Boo who?

IRS spending on conferences dropped precipitously from 2010, when the agency spent $37.5 million in Anaheim and other cities, to 2012, when spending was $4.8 million. Many of those meetings are now done through conference calls and video hookups.

But a significant part of that 2012 spending was in Kansas City, where the agency booked 168 rooms at the Sheraton Crown Center last fall for a 3-week training session for revenue agents.

That's nearly a fourth of the hotel's 730 rooms, which were booked at the government rate, currently $99 a night. The cost for taxpayers: more than $400,000, before taxes and fees.

Costs for food and other expenses were not available.

An IRS spokesman said the hotel provided a complimentary shuttle service to a local laundry as well as free Internet and health and fitness club access.

And because it could not accommodate an IRS request for microwaves in every room, the Sheraton also provided a hospitality suite for the entire 25-day training session and stocked it with snacks and soft drinks.

That's where a party unfolded over the Halloween weekend, according to some other Sheraton guests.

"I couldn't believe the number of drunks coming in and out of that suite," said Tim McCormick, a small business owner from Omaha who brought his wife to town for the Halloween weekend.

He said at least 75 people were partying in the suite when he went by, and many were wearing what he called professional-looking costumes with professional-looking makeup.

"Here they are trying to squeeze me for every dollar I've got, and they are prancing in and out of the hospitality suite," McCormick said.

The IRS said it did not provide free liquor.

McCormick, who owns a photography studio in Omaha, said what irked him most was that he had been entangled for several years in a dispute with the IRS over some back taxes that went unpaid earlier in the recession.

"We were paying all this money back and the total never seemed to go down," he said.

McCormick said he was joined on the elevator at one point by an inebriated partier who left the IRS hospitality suite wearing a "devil costume, with horns and all."

Steve Shalit, general manager of the Sheraton and Westin Hotels at Crown Center, said he was not aware of complaints about the Halloween party from any guests at the time.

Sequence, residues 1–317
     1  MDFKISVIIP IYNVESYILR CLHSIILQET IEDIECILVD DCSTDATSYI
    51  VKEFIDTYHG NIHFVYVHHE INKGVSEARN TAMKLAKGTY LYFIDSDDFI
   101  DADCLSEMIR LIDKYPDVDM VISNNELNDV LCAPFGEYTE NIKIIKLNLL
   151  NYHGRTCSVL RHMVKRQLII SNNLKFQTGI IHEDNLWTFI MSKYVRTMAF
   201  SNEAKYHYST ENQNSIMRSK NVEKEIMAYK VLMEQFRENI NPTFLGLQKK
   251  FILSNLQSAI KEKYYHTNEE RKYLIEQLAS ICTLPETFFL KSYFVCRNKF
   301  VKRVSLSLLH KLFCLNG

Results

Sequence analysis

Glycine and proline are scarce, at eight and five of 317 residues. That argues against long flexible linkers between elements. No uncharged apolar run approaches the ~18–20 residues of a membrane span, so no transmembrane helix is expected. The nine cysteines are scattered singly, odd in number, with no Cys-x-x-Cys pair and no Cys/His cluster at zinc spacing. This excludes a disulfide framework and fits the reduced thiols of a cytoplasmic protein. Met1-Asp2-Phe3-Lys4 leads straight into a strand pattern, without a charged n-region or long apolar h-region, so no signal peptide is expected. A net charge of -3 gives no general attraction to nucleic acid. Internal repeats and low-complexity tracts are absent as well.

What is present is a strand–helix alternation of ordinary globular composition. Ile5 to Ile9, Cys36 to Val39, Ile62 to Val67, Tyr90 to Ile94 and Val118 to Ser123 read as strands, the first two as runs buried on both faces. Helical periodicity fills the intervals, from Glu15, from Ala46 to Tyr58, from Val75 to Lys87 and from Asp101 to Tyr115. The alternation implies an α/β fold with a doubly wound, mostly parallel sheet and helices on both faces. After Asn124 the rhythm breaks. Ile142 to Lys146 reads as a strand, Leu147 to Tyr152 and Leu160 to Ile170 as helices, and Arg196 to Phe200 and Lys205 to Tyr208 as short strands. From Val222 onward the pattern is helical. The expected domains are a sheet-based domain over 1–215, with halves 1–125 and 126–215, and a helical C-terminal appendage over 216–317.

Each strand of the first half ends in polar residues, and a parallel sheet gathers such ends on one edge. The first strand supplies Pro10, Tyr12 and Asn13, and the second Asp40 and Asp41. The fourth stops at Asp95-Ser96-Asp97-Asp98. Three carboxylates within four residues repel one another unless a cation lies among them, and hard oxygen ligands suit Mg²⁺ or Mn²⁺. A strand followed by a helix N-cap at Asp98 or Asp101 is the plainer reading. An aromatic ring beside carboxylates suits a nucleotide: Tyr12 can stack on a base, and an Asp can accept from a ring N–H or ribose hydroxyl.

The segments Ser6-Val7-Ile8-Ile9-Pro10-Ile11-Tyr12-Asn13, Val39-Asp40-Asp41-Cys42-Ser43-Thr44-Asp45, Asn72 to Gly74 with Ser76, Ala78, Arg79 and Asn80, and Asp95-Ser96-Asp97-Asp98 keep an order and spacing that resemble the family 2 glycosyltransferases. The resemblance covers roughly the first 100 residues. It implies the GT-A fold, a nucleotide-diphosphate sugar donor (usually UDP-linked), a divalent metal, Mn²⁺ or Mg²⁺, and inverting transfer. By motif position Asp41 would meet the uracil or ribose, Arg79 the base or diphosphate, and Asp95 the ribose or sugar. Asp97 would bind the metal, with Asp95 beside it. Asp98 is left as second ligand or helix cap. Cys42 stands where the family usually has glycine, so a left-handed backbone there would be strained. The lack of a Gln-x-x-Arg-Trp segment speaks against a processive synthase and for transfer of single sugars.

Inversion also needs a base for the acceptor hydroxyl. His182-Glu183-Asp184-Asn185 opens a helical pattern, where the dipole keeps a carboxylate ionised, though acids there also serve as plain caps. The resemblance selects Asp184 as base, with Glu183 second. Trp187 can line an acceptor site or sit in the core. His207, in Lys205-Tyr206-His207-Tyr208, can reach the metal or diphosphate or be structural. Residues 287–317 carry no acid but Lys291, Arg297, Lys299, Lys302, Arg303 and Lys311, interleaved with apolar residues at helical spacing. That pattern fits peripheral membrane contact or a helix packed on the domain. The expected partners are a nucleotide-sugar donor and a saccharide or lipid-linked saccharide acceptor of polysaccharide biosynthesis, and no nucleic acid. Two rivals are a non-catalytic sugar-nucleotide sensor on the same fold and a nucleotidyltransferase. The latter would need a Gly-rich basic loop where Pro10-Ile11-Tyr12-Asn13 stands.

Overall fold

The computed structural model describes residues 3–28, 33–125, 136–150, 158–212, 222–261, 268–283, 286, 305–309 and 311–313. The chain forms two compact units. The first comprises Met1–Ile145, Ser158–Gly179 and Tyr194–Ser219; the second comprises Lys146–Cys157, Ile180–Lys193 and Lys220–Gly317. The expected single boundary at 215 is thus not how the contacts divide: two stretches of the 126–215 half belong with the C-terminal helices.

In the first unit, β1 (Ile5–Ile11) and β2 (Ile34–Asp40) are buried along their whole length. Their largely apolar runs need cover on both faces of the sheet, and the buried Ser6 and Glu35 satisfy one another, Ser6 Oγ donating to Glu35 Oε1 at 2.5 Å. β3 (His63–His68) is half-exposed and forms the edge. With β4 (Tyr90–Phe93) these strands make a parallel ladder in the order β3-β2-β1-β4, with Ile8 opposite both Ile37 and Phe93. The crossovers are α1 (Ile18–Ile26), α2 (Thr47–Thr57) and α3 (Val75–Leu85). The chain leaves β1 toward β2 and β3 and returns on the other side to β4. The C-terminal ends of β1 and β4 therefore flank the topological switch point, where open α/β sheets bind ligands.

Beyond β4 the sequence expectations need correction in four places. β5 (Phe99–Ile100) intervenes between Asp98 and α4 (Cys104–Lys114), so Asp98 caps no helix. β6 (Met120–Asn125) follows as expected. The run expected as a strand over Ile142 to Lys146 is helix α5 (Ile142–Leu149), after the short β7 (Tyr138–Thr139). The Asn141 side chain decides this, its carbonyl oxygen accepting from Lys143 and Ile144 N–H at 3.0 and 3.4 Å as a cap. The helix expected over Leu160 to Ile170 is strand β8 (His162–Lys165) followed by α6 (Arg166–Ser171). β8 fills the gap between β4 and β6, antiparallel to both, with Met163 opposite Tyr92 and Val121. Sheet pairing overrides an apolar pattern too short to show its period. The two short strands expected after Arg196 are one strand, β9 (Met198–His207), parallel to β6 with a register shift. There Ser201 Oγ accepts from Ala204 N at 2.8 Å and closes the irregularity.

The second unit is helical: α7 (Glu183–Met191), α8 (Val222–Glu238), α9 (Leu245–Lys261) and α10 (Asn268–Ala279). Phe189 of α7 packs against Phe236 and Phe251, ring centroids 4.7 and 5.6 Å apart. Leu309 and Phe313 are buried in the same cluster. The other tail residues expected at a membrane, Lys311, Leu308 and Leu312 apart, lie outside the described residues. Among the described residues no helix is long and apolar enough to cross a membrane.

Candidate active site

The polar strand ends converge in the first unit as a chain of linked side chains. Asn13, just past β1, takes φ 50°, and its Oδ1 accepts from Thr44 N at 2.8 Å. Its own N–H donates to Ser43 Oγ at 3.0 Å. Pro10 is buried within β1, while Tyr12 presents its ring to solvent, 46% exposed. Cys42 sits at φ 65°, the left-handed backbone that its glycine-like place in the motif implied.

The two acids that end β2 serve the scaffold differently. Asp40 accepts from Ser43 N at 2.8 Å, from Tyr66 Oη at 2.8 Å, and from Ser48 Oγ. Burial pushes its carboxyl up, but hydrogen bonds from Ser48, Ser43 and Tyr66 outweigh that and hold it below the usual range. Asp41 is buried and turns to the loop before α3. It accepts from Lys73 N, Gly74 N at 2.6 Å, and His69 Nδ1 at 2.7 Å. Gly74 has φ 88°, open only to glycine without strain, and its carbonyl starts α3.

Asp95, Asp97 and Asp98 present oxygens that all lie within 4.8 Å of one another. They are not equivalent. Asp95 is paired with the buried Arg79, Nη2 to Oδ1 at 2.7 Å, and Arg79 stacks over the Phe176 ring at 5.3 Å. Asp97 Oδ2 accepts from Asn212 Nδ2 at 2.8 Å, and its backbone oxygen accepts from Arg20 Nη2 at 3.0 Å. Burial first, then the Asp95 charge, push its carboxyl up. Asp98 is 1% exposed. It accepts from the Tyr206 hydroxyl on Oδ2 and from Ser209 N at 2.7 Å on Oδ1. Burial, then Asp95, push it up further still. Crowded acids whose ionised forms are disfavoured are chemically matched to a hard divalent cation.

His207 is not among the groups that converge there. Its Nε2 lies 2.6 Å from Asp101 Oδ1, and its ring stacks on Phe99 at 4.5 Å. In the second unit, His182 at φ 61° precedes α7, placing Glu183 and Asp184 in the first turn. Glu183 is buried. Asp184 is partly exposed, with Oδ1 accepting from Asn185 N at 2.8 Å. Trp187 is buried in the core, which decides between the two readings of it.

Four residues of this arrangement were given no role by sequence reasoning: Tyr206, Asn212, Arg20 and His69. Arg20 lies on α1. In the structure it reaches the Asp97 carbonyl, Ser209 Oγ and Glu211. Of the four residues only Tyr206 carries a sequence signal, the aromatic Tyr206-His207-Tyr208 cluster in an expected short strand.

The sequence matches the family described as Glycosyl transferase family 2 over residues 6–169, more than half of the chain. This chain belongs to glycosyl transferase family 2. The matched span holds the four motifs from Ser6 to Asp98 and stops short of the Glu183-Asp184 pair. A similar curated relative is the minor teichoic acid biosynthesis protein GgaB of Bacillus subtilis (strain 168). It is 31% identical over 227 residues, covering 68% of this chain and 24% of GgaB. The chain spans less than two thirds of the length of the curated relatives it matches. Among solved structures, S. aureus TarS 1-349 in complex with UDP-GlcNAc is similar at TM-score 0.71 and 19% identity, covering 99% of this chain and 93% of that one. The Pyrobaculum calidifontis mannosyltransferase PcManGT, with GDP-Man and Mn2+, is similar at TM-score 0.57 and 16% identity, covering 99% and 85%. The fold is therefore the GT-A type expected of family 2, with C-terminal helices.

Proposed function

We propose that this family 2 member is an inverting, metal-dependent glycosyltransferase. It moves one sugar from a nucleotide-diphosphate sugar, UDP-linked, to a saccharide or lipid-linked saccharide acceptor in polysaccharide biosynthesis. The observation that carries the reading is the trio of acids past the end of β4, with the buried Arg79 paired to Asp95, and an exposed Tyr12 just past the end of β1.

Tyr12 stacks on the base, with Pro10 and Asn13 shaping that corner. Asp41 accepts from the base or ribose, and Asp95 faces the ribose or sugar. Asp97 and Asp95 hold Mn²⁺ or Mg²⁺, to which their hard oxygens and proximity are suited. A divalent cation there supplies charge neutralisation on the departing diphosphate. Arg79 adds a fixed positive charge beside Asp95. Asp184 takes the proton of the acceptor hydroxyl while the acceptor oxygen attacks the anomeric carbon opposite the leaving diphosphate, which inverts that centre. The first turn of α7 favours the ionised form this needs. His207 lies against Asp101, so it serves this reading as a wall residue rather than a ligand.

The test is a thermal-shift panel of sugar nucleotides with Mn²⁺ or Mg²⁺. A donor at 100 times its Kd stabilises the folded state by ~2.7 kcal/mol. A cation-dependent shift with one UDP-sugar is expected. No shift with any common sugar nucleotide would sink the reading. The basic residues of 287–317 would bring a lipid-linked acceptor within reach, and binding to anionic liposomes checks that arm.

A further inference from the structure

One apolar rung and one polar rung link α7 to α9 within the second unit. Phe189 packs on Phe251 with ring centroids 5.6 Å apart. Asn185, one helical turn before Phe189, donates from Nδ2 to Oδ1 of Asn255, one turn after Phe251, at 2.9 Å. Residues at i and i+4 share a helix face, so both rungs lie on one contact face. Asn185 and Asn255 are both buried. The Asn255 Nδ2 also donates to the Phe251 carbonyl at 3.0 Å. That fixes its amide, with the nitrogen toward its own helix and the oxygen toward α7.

He said the Kansas City hotel market thrives on such government meetings and conventions, adding that the IRS is a long-term client.

Shalit said there is value in face-to-face training sessions such as the one held by the IRS, "and we hope to be chosen for future training classes."

The IRS said it has instituted a number of procedures over the last three years that ensure sound financial decisions are being made in regard to spending. Since 2009, the IRS has achieved $1 billion in budget savings and efficiencies, the agency said.

The IRS revelations have not occurred in a vacuum.

In October 2010, two months after the Anaheim meeting, another federal agency spent $820,000 at a regional conference for 300 employees at the 4-star M Resort Spa Casino outside Las Vegas.

An investigation of the meeting, for employees of the General Services Administration, found "excessive and wasteful" expenditures including eight off-site planning meetings and excessive spending on food and beverages.

Less than a year later, in the summer of 2011, the Veterans Administration spent more than $6 million on two conferences in Orlando, Fla., according to that agency's inspector general. Among the unauthorized costs was a "Gen. George S. Patton parody video."

To reach Mike McGraw, call 816-234-4423 or send email to mcgraw@kcstar.com.

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(c)2013 The Kansas City Star (Kansas City, Mo.)

Visit The Kansas City Star (Kansas City, Mo.) at www.kansascity.com